RMAF 2009

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John Atkinson Posted: Oct 06, 2009 1 comments
Tube amp designer Roger Modjeski (Music Reference) toasts Gordon Holt with a Martini.
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Jason Victor Serinus Posted: Oct 06, 2009 0 comments
I first discovered the Eficion F300 loudspeaker ($14,800/pair) at RMAF 2008, where its full-range sound deeply impressed for the price. Since then, the speaker has undergone numerous refinements. Split into two separate compartments, separated by Stillpoints, this is a 3-way 4-driver vented box with a frequency response of 25Hz–40kHz, 89dB sensitivity, and 8 ohms impedance, with a minimum of 6.4 ohms. The front tweeter is an Air Motion Transformer, its rear-firing super tweeter a Heil ESS aluminum ribbon, and its 7" midrange and 12" woofer both from Aurum Cantus. All this has produced a more controlled and detailed sound. Other refinements are identified on the Eficion website.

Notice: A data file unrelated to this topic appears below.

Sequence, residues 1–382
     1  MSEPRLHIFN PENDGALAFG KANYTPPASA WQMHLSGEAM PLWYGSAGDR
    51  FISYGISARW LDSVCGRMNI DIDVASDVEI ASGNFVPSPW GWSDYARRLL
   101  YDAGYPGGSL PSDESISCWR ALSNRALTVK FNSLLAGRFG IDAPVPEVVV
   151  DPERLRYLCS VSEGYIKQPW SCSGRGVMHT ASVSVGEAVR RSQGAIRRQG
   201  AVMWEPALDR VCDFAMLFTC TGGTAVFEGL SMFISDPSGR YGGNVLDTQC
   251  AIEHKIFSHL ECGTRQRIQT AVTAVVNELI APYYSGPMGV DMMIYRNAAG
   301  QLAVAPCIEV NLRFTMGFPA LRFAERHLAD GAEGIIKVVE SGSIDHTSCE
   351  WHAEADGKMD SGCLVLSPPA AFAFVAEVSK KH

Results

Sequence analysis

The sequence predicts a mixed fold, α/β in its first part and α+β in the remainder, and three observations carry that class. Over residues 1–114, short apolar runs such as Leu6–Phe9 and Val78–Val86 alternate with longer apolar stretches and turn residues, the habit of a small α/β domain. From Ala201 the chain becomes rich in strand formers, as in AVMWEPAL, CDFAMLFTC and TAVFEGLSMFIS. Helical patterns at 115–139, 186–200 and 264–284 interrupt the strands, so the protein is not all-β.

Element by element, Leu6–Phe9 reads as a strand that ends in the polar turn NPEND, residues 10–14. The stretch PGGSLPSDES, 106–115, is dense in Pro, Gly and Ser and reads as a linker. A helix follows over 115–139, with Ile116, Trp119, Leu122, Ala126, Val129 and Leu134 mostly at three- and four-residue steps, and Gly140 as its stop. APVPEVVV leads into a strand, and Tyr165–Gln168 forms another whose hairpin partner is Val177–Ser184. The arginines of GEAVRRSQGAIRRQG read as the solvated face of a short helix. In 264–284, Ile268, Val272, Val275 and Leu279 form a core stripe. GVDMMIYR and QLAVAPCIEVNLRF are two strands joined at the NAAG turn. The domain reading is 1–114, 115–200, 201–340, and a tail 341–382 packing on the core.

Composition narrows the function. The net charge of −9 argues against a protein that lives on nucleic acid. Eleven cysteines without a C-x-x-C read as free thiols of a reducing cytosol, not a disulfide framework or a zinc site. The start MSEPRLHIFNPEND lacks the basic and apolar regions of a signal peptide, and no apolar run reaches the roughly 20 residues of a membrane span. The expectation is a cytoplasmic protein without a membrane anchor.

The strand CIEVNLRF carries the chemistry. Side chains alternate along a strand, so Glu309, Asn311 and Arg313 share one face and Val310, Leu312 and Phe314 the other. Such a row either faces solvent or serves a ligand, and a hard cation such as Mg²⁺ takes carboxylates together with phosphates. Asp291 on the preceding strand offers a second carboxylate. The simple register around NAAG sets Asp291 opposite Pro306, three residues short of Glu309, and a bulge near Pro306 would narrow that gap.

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John Atkinson Posted: Oct 06, 2009 0 comments
Since the demise of of its own Show, Stereophile has been supporting North American audio Shows, which was why you can find us at RMAF in Denver and SSI in Montreal. Next March, we are partnering with the Axpona Show in Florida, which had a booth at RMAF. The booth was manned, er, personed by two beautiful girls but, of course, when I went back with my camera, they had left for the day.
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John Atkinson Posted: Oct 06, 2009 0 comments
Listening to a Toni Braxton cut on the LSA1 Statement speakers ($2599/pair), driven by an Exemplar-modded Denon 2910 DVD player and LSA's hybrid integrated amplifier (reviewed by Stereophile when it was called the DK Designs VS.1 Reference Mk.III), I was struck by how much low-frequency information was coming from this nicely finished two-way stand-mount.